Quantitative or qualitative changes in the plaintiff’s fan mail would be relevant, and print and electronic clipping services can provide a sample of the media coverage of the plaintiff before and after the defamation. If the plaintiff is a performer, ratings and audience turnouts can provide a barometer of public acceptance.

If the alleged harm is the creation of a negative public image, a plaintiff should be able to prove the existence of injury through the testimony of people who had not heard of him previously, but who now hold an unfavorable impression of him. He should be able to show the extent of the injury through survey evidence showing the portion of the population that heard and remembered the defamatory statement (“Reputation, compensation and proof,” p. 770).

Notwithstanding that no proof of actual harm to reputation is necessary for plaintiffs seeking damages, we may, inferring from the above, adopt some measures to gauge if our political leaders’ public image has been blighted by the defamatory statement.

First, has the media coverage of the political leader turned against him after the defamation? We can firmly say “no” in the context of our local mainstream media.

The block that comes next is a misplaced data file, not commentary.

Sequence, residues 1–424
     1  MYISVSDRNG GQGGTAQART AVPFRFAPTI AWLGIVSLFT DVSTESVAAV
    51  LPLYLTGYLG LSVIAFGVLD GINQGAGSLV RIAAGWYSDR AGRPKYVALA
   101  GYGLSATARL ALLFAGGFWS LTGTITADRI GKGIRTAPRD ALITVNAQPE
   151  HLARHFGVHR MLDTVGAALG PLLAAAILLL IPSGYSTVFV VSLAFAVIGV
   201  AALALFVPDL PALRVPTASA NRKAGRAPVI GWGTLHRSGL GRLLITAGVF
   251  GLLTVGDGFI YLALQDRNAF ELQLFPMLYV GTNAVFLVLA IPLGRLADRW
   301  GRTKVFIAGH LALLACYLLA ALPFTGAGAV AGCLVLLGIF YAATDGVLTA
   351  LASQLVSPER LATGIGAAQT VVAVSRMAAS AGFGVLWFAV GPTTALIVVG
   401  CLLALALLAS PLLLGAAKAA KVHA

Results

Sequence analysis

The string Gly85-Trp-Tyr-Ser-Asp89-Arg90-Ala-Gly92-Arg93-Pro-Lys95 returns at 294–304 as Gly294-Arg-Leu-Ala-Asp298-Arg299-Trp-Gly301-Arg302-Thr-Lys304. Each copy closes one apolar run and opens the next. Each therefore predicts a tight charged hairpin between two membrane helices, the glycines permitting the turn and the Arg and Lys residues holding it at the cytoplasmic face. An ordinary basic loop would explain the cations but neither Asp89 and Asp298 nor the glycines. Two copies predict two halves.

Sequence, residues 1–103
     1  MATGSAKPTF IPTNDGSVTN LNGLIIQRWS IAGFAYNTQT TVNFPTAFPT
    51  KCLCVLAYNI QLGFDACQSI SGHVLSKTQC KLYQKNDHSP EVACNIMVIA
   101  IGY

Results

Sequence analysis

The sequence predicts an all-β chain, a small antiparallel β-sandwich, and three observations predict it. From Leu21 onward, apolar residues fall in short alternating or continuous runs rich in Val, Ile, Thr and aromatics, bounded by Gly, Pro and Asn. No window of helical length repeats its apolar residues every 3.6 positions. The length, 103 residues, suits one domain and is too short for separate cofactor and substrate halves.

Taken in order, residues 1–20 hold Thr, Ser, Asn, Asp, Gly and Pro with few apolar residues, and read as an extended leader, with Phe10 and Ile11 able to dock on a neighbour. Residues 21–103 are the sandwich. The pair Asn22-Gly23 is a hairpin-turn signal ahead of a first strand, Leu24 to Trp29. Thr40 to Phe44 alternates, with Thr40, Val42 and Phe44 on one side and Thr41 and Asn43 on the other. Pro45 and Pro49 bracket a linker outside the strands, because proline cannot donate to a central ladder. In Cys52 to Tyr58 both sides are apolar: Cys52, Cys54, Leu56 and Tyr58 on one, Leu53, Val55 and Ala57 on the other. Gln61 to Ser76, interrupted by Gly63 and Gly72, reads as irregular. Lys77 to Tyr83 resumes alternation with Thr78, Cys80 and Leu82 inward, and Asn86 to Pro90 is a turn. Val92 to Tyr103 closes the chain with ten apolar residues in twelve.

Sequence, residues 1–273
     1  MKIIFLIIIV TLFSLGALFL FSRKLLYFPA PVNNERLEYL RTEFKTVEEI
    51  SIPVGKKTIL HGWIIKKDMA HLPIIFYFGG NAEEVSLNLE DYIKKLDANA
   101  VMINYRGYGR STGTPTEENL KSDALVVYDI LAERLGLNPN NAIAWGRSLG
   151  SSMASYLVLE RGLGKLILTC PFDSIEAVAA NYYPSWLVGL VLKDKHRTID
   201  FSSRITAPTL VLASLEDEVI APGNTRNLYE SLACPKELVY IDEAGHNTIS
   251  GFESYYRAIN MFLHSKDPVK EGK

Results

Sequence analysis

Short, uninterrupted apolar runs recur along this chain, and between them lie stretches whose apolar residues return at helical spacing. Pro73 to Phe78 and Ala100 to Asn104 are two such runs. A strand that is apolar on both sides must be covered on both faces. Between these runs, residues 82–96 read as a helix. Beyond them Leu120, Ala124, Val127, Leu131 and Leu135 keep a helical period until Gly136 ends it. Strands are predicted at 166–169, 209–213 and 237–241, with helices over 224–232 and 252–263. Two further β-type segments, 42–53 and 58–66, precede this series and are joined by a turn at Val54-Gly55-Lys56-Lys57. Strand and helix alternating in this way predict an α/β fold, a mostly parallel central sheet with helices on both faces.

What about foreign media? Ideally, we need a sample of media reports before and after the defamation in order to know. However, taking into account foreign media’s previous run-ins with our political leaders and the absence of defamation lawsuits by our leaders against foreign media in recent years, it is likely that the media have steered clear of allegations of corruption or abuse of power by our leaders after the high profile defamation cases involving Far Eastern Economic Review and IHT.

Furthermore, Singapore has always ranked very highly in the Corruption Perceptions Index (CPI) by Transparency International. From available data on Transparency International’s website, Singapore has always been one of the top ten least corrupt countries in the world since the CPI debuted in 1995 (source). This shows that the impression of Singapore as a relatively corruption-free country has persisted despite allegations of corruption directed at our political leaders in the past.

In other words, it does not seem that our political leaders’ reputation for being non-corrupt has been harmed, much less in a substantial way, by the defamation statements over the years.